Utica Murder Suspect Deemed “Mentally Unfit” To Stand Trial

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The man charged with second-degree murder in connection to a March stabbing death in Utica has been deemed unfit to stand trial. Dennis Mosley, who’s accused of killing Allen Minor inside the Olbiston Apartments earlier this year, was in court when the judge made the decision.

After listening to two psychologists in Oneida County Court this morning, the judge agreed that Mosley was mentally unfit to stand trial. His murder and robbery charges will remain on hold while he seeks treatment at a psychiatric facility.

Dennis Mosley has undergone 2 psychiatric exams following Judge’s orders. Both psychologists took the stand today, and both say Mosley is not fit to proceed in the trial.

“I believe the court made the proper decision based upon the psychological testimony that was provided that he’s currently not to assist in his defense of this charge and he is not fit to proceed,” says Donald Gerace, Mosley’s defense attorney.

The first psychologist said Mosley couldn’t do simple math or remember common words.

“He seemed vacant in the sense he didn’t seem emotionally present; somewhat distracted,” says Dr. Kristina Berg, Licensed Psychologist.

But the Prosecutor didn’t seem so sure. He questioned both psychologists about ‘malingering,’ which means exaggerating illness or the symptoms of mental disorders. The Prosecution says this is sometimes used by a defendant to lighten a criminal sentence.

“In any case where a criminal defendant is facing lengthy incarceration, obviously that can be an interfering factor in terms of being entirely candid and performing up to their level on those tests and of course that will affect the accuracy and outcome on those tests,” says Michael Coluzza, First Assistant District Attorney.

The second psychologist said some of Mosley’s comments were “over the top,” but he says, “I’ve evaluated many malingerers and they present differently then Mosley… He is intellectually limited,” says Dr. David Stang, licensed psychologist.

The Judge agreed with the psychologists and committed Mosley to a psychiatric facility where he will be treated. The prosecutor says now it’s just a waiting game.

“Hopefully he will be back into criminal court and we’ll be ready to proceed with our evidence at that time,” says Coluzza.

Mosley will be sent to a psychiatric facility where he will be treated and evaluated for up to 1 year, or until he is found mentally fit to stand trial.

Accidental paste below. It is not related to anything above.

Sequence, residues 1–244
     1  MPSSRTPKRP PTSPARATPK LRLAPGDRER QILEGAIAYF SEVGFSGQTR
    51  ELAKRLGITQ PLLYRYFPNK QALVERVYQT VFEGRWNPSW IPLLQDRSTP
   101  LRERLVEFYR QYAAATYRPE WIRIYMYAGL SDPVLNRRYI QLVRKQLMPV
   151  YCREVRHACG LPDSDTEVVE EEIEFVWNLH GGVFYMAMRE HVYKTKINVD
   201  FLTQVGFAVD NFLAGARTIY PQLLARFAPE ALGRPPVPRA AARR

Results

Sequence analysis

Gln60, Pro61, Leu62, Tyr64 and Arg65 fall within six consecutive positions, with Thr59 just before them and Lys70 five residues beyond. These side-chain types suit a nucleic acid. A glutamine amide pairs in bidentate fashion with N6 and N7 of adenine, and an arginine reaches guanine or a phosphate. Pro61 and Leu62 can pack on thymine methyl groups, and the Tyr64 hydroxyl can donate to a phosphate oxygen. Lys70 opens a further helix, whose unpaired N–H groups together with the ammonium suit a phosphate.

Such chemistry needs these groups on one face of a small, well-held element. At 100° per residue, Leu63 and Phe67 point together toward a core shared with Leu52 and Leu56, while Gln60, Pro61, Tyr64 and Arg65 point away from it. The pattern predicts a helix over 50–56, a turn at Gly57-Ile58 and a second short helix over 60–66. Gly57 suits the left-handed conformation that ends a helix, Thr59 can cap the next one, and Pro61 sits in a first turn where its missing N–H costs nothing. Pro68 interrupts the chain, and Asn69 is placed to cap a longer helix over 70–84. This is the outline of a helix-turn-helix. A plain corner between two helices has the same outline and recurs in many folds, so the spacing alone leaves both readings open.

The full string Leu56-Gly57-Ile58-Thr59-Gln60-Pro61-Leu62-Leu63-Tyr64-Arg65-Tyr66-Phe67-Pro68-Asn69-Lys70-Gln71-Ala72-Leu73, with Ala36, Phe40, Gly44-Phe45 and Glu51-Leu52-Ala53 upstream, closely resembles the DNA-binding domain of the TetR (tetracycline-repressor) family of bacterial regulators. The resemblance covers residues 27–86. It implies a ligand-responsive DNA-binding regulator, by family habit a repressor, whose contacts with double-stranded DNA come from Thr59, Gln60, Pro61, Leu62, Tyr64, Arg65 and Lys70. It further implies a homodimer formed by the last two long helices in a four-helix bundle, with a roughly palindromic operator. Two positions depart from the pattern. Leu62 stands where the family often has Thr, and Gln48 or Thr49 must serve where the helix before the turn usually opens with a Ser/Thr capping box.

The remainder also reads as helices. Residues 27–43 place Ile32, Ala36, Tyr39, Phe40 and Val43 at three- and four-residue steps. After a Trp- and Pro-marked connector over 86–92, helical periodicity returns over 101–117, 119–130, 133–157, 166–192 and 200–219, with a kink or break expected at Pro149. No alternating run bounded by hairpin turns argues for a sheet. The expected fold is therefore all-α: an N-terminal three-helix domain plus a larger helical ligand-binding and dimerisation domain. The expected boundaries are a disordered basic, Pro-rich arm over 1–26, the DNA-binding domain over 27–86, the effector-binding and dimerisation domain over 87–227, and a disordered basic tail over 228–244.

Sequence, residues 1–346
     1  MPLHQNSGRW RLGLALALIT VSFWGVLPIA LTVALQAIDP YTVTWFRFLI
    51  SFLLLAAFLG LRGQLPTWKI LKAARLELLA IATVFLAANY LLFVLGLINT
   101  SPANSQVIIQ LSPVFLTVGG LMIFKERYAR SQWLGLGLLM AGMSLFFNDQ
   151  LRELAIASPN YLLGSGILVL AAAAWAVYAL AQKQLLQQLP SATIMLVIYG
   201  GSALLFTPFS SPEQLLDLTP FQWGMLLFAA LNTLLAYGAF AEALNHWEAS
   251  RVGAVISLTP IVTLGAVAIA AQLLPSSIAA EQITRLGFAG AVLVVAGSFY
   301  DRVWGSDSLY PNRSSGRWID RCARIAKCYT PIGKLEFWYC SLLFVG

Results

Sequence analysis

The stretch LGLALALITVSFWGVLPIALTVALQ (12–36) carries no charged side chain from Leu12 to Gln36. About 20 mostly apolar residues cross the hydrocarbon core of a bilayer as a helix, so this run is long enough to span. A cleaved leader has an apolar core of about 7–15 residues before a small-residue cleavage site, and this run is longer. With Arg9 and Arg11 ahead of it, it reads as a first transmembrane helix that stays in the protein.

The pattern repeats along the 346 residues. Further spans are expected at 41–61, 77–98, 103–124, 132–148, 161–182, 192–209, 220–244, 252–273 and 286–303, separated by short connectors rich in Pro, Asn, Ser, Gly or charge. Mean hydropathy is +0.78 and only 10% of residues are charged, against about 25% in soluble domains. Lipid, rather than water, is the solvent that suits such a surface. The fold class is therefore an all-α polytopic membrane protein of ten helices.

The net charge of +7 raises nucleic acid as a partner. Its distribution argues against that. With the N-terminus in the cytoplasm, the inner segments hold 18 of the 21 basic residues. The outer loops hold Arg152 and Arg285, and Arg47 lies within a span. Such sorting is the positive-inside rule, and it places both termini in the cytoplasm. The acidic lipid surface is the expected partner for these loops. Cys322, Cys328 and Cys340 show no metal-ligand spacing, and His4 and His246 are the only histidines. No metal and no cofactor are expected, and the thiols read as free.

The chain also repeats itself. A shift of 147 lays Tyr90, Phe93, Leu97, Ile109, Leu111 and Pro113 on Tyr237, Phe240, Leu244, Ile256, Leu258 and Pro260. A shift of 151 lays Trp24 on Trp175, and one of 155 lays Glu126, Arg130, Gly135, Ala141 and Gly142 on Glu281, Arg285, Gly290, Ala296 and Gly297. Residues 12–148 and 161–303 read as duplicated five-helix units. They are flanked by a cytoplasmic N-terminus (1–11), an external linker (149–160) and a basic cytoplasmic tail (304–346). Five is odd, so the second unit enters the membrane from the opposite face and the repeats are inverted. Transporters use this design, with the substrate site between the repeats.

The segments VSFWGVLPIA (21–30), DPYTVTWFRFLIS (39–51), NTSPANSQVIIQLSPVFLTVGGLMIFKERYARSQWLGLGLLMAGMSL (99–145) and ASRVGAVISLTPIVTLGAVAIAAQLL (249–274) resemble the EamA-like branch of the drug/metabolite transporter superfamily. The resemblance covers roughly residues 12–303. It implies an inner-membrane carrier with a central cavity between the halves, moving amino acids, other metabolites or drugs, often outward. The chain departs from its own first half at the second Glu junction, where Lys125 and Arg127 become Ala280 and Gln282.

As far as Mosley’s co-defendant, Kelly Marshall, her hearing is set for July 17th. We reached out to her Defense Attorney to get a response to Mosley’s outcome today.  Adam Tyksinski, Kelly Marshall’s Defense Attorney, says Mosley’s mental status will affect her case but he it may be for the better. He says Mosley will be unavailable at trial, and that will lessen the amount of evidence that they have to proceed against Marshall.

Ms. Marshall’s Defense Attorney says Mosley’s mental status will affect her case as well, but he says it may be for the better.

“If the courts find and the doctors find he was incapacitated and that some of the statements he decided to make were unavailable at trial and obviously he is unavailable at trial, that would obviously lessen the amount of evidence that they have to proceed against my client,” says Adam Tyksinski, Kelly Marshall’s Defense Attorney. – See more at: http://cnyhomepage.com/hometown-heroes-stories?nxd_id=181432#sthash.IfoetfxM.dpufsays Mosley’s mental status will affect her case as well, but he says it may be for the better.  “If the courts find and the doctors find he was incapacitated and that some of the statements he decided to make were unavailable at trial and obviously he is unavailable at trial, that would obviously lessen the amount of evidence that they have to proceed against my client,” says Adam Tyksinski, Kelly Marshall’s Defense Attorney

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